Orphans of Karbala

More Muslim pilgrims visit the holy city of Karbala each year than any other city in Iraq. This visitation is not due to any scenic points of interest. On the contrary, the city is largely barren and experiences unbearable heat nearly 7 months out of the year. Then why do millions of Muslims visit it so frequently? This is because Karbala is the location of the martyrdom of Imam Hussain ibn Ali (p), the grandson of Islam’s holy Prophet Muhammad (pbuh).

Over 1200 years ago on the desert plains of Karbala, the forces of the tyrannical ruler, Yazid ibn Muawiyah, massacred Imam Hussain (p), many of his family members, and close companions. Yazid was an unjust, corrupt, and barbaric drunkard who insisted on the infallible Imam’s allegiance to his leadership and rule. Those who opposed Yazid faced persecution, punishment, imprisonment, and death. Imam Hussain (p) rejected Yazid’s caliphate and refused to pledge allegiance to such an unjust ruler. (Had the Imam (p) done so, it would have cemented Yazid’s claim as the leader of Muslims and the very religion of Islam would have fallen victim to his drunken whims.) In retaliation for Imam Hussain’s (p) stand against injustice and tyranny, Yazid ordered that he submit or he would have him killed.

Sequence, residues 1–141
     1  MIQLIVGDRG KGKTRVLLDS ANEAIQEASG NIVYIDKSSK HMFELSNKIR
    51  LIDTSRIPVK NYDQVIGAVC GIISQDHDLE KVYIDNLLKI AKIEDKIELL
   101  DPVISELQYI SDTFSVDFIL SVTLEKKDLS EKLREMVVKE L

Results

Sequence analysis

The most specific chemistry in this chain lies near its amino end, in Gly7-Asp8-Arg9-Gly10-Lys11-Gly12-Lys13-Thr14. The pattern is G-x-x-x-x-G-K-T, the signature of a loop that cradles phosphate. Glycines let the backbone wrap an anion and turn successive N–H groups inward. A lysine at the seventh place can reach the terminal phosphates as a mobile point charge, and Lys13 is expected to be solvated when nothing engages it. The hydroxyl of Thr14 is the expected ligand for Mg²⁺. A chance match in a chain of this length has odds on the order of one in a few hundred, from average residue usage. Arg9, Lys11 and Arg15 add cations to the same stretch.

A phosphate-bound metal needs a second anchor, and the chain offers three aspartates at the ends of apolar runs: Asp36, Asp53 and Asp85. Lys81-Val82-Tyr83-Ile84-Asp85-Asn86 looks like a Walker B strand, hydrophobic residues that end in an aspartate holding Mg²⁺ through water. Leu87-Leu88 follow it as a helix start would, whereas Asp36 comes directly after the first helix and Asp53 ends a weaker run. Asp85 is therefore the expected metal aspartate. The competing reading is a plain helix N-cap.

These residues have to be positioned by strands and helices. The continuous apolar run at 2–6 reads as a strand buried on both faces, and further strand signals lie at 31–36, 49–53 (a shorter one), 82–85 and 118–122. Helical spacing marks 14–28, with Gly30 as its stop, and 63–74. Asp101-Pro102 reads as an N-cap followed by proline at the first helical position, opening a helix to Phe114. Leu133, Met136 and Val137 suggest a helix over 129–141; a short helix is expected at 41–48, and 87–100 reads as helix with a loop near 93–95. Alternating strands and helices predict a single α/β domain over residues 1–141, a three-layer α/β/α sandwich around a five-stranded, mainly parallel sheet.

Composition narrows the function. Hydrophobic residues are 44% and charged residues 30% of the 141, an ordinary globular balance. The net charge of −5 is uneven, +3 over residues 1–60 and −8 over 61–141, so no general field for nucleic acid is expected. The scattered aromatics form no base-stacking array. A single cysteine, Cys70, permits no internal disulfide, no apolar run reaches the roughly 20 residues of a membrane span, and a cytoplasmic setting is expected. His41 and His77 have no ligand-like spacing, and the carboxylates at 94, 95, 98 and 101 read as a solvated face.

In approximately 680 C.E. (61 A.H.), the greatest tragedy in Islamic history unfolded. After Imam Hussain (p) left his home to avoid bloodshed, the army of Yazid in Karbala surrounded Imam Hussain (p), many of his family members, and close companions, including women and children. On the tenth day of the Islamic month of Muharram, while Imam Hussain’s group was starving from three days’ lack of food and water, the savage army of Yazid massacred Imam Hussain (p), nearly all the male members of his family, and his companions.